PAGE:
Amargasaurus reached only 10 meters in length, but its most distinguishing feature was a row of long spines running down its neck and back. It has been speculated that these spines may have supported a sail, but paleontologist Gregory S. Paul argued that this would decrease neck flexibility and instead suggested that they were covered with a horny sheath.
Amargasaurus fossils were first discovered in Argentina. It was named in 1991 by Jose Bonaparte and his colleagues.
Like all sauropods, Amargasaurus was a herbivore.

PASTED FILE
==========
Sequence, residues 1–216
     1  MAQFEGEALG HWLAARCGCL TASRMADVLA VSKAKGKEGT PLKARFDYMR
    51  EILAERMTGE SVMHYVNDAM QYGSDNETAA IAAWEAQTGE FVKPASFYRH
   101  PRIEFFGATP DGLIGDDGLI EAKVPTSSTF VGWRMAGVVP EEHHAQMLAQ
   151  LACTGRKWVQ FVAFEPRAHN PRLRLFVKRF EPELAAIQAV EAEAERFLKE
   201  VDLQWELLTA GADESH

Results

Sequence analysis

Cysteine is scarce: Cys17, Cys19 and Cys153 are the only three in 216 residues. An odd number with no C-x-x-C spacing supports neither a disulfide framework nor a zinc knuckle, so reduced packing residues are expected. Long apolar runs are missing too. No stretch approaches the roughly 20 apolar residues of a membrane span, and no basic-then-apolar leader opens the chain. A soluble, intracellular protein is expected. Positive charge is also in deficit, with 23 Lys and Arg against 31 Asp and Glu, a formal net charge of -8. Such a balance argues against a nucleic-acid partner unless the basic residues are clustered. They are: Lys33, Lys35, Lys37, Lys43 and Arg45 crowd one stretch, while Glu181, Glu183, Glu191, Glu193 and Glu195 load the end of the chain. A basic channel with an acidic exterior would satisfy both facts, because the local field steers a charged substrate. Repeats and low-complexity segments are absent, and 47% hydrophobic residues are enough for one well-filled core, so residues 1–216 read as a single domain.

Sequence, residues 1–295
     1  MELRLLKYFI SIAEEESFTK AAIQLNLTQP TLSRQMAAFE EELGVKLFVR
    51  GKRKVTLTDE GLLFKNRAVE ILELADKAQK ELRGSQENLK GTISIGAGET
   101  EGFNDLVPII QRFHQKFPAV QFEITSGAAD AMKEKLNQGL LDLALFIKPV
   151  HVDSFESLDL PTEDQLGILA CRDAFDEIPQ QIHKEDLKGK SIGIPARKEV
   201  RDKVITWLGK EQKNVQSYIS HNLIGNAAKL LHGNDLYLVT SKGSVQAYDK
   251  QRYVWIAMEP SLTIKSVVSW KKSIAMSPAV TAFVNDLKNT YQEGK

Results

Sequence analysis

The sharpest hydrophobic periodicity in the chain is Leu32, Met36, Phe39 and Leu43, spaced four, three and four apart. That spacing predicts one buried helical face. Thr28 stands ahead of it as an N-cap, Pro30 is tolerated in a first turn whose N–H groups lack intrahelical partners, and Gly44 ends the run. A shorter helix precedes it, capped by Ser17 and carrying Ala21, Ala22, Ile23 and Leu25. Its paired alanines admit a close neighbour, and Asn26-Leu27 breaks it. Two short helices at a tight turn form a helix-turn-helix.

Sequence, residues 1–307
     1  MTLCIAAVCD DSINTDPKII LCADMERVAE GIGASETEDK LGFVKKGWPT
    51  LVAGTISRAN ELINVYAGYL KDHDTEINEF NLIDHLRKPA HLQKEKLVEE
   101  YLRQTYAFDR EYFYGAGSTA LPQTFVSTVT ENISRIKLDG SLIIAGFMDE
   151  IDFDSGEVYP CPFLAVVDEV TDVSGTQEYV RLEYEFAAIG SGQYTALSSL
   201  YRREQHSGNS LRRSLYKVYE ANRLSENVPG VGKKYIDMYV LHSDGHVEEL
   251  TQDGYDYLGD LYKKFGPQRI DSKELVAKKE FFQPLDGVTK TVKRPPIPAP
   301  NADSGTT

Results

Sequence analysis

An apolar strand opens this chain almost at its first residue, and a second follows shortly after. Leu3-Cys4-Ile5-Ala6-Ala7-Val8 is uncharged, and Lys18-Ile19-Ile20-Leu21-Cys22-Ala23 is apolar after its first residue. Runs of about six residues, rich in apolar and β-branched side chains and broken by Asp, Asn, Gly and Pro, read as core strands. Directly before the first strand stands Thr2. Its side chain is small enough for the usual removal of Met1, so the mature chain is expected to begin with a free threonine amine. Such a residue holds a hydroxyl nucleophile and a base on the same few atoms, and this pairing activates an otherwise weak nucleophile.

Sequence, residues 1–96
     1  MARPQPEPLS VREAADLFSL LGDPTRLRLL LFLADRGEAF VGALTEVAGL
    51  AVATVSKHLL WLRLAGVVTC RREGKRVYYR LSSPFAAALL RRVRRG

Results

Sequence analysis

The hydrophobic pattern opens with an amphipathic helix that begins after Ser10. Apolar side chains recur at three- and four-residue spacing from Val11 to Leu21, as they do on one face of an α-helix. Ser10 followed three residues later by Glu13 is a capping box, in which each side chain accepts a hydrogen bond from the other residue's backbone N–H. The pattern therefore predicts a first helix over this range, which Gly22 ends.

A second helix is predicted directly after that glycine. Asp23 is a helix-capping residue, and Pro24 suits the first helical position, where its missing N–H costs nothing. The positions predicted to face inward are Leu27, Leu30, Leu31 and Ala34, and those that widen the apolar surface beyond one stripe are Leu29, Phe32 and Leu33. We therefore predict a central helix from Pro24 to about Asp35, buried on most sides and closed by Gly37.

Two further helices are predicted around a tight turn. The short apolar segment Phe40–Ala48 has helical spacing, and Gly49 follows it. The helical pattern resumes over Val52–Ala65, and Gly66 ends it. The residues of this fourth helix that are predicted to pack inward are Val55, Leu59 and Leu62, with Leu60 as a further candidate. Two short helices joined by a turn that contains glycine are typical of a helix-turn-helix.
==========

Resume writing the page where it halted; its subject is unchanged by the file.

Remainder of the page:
- ↑ Paul, Gregory S. (2000) The Scientific American Book of Dinosaurs, p 94. St. Martin's Press. ISBN 0-312-26226-4.
- ↑ Salgado L & Bonaparte JF. (1991). Un nuevo sauropodo Dicraeosauridae, Amargasaurus cazaui gen. et sp. nov., de la Provincia del Neuquén, Argentina. Ameghiniana 28: 333-346. [in Spanish]